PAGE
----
The life of an athlete can put extra strain on the immune system and ability to stay well.
Physical and mental stress, poor food choices, high levels of repeated training and poor quality sleep may decrease your immune function making you more susceptible to getting sick and feeling run down.
As the seasons and temperature change, training demands change and looming stress of competition, study or life is present we can be more likely to get sick with cold or flu.
Prevention is better than a cure so here are some areas to target to keep your immune system strong and fighting through the changes in season and training.
1. Balanced, nutrient dense, healthy diet
Good nutrition and an adequate carbohydrate intake to support training demands is paramount to support the immune system. Eating a diet which has a wide range of colourful fruit and vegetables will provide the body with valuable micronutrients and antioxidants for your body. In addition to this, include onion, garlic and ginger for their natural antimicrobial ability.
Carbohydrate availability before and after training will provide the primary fuel source for training and recovery, and fuel the immune system and bodily functions. Wholegrain and high fibre carbohydrates, that have minimal processing, like oats, sweet potato, legumes and brown rice, will keep the gut healthy and happy and contribute additional immune supporting nutrients like zinc, magnesium and vitamin B.
2. Gut health
The gut is the gateway between the food you eat and what is eventually absorbed into the blood stream and body to make it function.
80 percent of your immune system is located in your digestive tract. A healthy varied diet as outlined above, is essential for optimal functioning of your gut to turn over, and support immune function.
Foods high in sugar, highly processed foods and high saturated fats all have a damaging effect on the environment of the gut, which can directly impair immune function.
High levels of training, and physical and emotional stress may also compromise the optimal functioning of the gut and gut protective lining. This may result in inflammation at the gut, or deficiencies in the nutrients and water the body is able to absorb, presenting itself through symptoms such as bloating, flatulence, loose bowels or discomfort around meals.
Probiotics may be beneficial if experiencing loose or irregular bowel movements, as well as help reduce gastrointestinal symptoms of bloating or discomfort. By keeping the gut functioning as it should, without these disturbances, it will in turn help improve immune function and reduce the duration and severity of respiratory tract infections from cold and flu in the winter months. Like any other supplements, probiotics aren’t an answer to reverse poor gut health but an enhancer to compliment good diet habits through fibre intake and a varied diet.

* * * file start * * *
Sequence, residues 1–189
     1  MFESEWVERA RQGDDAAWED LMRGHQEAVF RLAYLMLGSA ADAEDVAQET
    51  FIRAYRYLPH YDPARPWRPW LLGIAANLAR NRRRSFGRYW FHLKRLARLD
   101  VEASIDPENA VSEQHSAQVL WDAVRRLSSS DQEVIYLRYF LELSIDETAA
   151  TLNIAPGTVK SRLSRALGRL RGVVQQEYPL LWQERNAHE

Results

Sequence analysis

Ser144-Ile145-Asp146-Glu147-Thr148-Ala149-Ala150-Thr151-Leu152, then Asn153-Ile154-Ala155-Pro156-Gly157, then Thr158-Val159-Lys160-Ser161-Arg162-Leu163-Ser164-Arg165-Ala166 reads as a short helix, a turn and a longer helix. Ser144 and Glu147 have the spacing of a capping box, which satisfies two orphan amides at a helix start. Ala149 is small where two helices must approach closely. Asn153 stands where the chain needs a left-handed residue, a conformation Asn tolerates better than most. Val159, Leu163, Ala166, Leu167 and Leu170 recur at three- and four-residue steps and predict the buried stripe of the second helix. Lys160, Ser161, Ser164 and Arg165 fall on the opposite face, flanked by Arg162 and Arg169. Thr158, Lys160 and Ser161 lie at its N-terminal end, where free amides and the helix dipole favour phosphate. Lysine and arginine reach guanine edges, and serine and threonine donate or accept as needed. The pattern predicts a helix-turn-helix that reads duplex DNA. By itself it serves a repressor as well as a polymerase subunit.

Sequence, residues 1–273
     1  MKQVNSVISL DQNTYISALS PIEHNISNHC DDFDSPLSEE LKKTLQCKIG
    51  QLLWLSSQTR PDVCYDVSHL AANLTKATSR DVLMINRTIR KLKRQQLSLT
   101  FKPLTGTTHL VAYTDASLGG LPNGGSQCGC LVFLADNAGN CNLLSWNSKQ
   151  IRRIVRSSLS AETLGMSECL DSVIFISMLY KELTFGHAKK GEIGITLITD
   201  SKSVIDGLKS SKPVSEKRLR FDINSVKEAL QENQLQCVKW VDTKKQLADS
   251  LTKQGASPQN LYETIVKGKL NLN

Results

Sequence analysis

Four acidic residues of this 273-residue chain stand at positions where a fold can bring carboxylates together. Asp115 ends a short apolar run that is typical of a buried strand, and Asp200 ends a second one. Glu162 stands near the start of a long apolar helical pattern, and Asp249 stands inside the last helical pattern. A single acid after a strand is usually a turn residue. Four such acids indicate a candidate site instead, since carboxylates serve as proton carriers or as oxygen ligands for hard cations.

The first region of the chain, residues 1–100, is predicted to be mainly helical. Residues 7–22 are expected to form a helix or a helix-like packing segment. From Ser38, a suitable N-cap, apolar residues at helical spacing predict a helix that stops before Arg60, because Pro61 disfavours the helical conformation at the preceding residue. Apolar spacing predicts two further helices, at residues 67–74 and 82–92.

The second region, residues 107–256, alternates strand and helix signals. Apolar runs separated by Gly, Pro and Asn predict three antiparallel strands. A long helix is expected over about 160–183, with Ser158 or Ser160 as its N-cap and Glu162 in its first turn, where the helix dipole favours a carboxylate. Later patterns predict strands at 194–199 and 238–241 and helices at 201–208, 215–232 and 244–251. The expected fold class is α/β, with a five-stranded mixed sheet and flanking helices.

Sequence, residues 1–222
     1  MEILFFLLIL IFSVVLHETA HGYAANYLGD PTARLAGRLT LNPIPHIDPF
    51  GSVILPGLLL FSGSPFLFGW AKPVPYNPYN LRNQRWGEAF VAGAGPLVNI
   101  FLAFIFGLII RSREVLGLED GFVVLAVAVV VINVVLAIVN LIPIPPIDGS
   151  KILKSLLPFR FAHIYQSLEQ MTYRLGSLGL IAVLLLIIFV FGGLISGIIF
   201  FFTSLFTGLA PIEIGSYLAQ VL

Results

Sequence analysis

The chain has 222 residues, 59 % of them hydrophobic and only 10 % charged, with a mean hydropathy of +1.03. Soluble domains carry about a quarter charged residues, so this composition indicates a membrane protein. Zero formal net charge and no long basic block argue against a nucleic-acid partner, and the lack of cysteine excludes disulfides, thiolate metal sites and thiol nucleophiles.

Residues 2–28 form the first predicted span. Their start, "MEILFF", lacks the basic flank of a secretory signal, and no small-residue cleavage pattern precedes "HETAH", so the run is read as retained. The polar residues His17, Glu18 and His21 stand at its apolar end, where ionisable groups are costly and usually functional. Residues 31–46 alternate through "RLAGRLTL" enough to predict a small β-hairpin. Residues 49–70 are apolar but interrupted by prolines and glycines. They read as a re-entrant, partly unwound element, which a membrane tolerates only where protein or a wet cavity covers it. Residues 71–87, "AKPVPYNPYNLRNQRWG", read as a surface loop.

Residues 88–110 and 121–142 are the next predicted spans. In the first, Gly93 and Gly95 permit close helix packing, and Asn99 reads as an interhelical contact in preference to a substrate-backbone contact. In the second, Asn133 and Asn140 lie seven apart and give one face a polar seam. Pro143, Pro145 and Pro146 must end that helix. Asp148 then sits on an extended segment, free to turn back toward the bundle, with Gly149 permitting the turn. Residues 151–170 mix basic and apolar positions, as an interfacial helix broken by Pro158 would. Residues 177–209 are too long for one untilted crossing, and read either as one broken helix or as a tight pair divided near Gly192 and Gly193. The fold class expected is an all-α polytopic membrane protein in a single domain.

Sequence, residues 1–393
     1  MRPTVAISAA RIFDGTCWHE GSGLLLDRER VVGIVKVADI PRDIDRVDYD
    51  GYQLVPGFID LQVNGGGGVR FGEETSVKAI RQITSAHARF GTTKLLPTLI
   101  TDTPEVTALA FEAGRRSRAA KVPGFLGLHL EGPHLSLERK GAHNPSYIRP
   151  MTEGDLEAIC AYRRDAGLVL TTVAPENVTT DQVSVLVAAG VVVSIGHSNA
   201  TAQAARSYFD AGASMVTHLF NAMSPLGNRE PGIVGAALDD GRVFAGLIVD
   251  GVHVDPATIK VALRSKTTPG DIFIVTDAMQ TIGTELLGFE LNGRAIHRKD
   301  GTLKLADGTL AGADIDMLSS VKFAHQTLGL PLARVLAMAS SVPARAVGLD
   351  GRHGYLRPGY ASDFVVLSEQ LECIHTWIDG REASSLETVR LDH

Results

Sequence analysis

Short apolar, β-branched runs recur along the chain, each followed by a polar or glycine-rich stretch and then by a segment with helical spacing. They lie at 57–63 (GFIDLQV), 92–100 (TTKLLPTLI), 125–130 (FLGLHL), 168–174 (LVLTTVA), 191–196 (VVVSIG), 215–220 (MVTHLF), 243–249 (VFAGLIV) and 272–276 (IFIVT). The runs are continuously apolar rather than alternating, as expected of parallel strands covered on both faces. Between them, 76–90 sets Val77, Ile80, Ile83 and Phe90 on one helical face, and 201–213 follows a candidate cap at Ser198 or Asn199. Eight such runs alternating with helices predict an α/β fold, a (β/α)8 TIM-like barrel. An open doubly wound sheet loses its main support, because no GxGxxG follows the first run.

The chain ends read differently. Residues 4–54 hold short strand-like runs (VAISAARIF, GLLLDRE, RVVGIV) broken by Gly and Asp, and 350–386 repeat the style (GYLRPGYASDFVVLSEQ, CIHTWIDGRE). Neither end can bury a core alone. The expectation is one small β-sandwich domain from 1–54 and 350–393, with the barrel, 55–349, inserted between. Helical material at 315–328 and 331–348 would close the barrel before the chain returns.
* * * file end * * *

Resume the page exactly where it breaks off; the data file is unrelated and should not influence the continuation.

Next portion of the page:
Having a multi-strand probiotic daily from either a capsule, natural yoghurt or fermented food, can help to increase good bacteria and improve the integrity of the gut by fermenting and breaking down the food you eat.
L-Glutamine. High level training can cause low levels of circulating glutamine, an amino acid produced by the body. L-Glutamine also helps to improve gut health and the lining of the gut so its absorbing nutrients as it should. Regular high level training means there is less time for the body to re synthesize more protective glutamine.
Including L-glutamine as a supplement or part of a protein shake may be important to help improve the gut lining to further enhance immune support.
Anti-oxidants, zinc, and vitamin C. These nutrients can help alleviate symptoms of cold and flu as part of a balanced diet, not just in isolation. ‘Super foods’ such as aloe vera water, acai and goji berries all have nutrients that stimulate the immune system as well as provide powerful anti-oxidants to protect against oxidative damage.
Additional antioxidants and quercetin is found in dark berries, tea and apple skin. Increasing zinc through food sources like wheat germ, pepitas and red meat before going straight to a supplement, is a good option.
Vitamin C is well known for its cold fighting ability so is beneficial to include dietary sources, which are also high in fibre, like kiwi fruit, oranges and capsicum to boost your intake as opposed to having mega doses of these nutrients through tablets.